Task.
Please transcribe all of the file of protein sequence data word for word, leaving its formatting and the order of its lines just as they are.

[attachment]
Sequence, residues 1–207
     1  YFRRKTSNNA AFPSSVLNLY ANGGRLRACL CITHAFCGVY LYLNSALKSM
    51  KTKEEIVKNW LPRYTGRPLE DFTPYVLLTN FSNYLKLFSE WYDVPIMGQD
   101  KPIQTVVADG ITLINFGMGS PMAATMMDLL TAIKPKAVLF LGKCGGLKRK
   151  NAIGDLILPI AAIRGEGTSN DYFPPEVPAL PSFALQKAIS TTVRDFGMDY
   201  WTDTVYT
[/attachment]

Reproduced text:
Sequence, residues 1–207
     1  YFRRKTSNNA AFPSSVLNLY ANGGRLRACL CITHAFCGVY LYLNSALKSM
    51  KTKEEIVKNW LPRYTGRPLE DFTPYVLLTN FSNYLKLFSE WYDVPIMGQD
   101  KPIQTVVADG ITLINFGMGS PMAATMMDLL TAIKPKAVLF LGKCGGLKRK
   151  NAIGDLILPI AAIRGEGTSN DYFPPEVPAL PSFALQKAIS TTVRDFGMDY
   201  WTDTVYT